I rehearse this modernist fantasy of “exotic” art because it is precisely these marks of authenticity that I found repeated again and again on my journey through Tanzania. With each encounter these otherwise totally forgettable hand-painted canvases of the Maasai progressively functioned not as a vivid representation of natural Africa and some intuitive technique of the African artist at the end of the brush, but as a sign of a mass production keyed to a desire for such qualities in African art.
The canvases and their amazing ubiquity became an index of that enduring modernist fantasy, a fantasy that has become the work’s content. As a representation not of Africa or African art, but of a certain fantasy conception of Africa and African art, the painting that reappeared throughout my trip gestures to a fantasy whose desires it fulfills and whose aspirations it answers. In the repetition of abstract forms and rich colors (meant to evoke the look and feel of Maasai standing in the distance and set against a vast African plain), Africa has become inscribed in the work as idea — as image — and with each iteration, the distinctive lines and splashes of color become the mark of the icon.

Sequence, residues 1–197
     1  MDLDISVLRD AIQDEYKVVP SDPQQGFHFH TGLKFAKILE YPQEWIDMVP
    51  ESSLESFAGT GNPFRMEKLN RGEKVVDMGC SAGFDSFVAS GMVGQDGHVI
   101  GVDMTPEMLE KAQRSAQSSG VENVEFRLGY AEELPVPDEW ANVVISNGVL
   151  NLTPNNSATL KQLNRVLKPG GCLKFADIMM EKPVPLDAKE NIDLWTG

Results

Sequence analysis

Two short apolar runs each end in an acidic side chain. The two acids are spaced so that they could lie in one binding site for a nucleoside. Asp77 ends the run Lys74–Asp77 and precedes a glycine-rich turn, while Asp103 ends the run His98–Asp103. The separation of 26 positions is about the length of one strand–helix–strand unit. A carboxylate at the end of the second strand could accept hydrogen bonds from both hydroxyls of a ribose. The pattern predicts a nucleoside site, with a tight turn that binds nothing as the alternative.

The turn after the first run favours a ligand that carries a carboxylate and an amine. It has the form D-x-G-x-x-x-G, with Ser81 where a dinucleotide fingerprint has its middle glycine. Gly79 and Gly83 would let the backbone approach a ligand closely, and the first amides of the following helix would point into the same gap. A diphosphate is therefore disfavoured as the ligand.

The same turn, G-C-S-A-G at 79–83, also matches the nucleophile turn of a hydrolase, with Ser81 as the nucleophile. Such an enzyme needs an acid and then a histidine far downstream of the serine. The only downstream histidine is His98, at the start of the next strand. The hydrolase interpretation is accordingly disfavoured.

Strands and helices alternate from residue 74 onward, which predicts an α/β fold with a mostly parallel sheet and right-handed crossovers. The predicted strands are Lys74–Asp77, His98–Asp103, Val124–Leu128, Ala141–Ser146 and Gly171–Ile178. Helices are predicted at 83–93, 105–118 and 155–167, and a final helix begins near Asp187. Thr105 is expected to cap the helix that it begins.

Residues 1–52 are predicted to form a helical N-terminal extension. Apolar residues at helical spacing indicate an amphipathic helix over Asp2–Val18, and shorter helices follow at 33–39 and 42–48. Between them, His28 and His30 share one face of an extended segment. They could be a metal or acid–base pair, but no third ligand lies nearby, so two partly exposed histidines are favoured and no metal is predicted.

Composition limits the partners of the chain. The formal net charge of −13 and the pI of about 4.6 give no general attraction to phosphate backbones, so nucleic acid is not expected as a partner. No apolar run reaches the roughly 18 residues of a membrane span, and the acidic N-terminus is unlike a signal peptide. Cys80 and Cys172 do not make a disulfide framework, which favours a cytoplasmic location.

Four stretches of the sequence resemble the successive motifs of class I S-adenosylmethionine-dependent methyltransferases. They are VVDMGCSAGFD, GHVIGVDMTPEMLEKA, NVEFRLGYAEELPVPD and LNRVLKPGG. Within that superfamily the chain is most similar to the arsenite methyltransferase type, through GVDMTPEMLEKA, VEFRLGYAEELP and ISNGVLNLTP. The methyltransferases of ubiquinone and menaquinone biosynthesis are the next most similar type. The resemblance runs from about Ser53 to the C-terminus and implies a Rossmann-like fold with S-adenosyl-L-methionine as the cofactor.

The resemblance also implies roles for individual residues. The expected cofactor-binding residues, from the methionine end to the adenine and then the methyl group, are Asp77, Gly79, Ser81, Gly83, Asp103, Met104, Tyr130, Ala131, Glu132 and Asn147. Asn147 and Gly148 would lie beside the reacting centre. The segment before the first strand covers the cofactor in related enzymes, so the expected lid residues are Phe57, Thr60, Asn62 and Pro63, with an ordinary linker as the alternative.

All of this is not to say that I didn’t come across artwork that I liked in the course of my travels. To the contrary, while I was admittedly preoccupied with my “where’s Waldo?” search for the iconic Maasai painting, I nevertheless found several artists whose work I enjoyed, and I will conclude by mentioning two of them. The first is George Lilanga, who was born in Kikwetu, a village in southern Tanzania and lived in Dar es Salaam until his death in 2005. Lilanga, who achieved some international success during his lifetime, is best known for his paintings and sculptures of fantastic, cartoon-like humanoids.
Lilanga’s whimsical, diminuitive figures — each featuring only a few fingers and toes, outsized ears, and exaggerated protruding lips reminiscent of the lip plugs used by Makonde women — represent entities from the spirit world of the artist’s Makonde ancestry. Lilanga’s little spirits call to mind both Keith Haring’s colorful forms and Matt Groening’s Simpsons characters from their early days on The Tracey Ullman Show. In fact, Lilanga’s work — a blend of vernacular references and witty forms — actually predates that of both Haring and Groening, and is even reported to have influenced Haring.
Jjuuko Hood is another artist whose work I discovered while in Tanzania. Hood is a recent graduate of the well-respected art program at Kampala University in Uganda. His captivating canvases blend dynamic, textured surfaces, innovative materials (at present he is using acrylics on bark cloth, which is produced from Ugandan fig trees), with themes steeped in local cultural references. Hood’s work demonstrates an appreciation of certain modern European art movements — cubism foremost among them — yet to my mind, he successfully avoids becoming derivative. Would it be odd to say that, unlike those Maasai warrior canvases, the work by Jjuuko Hood and George Lilanga fulfilled my own fantasy conception of what contemporary African art should be?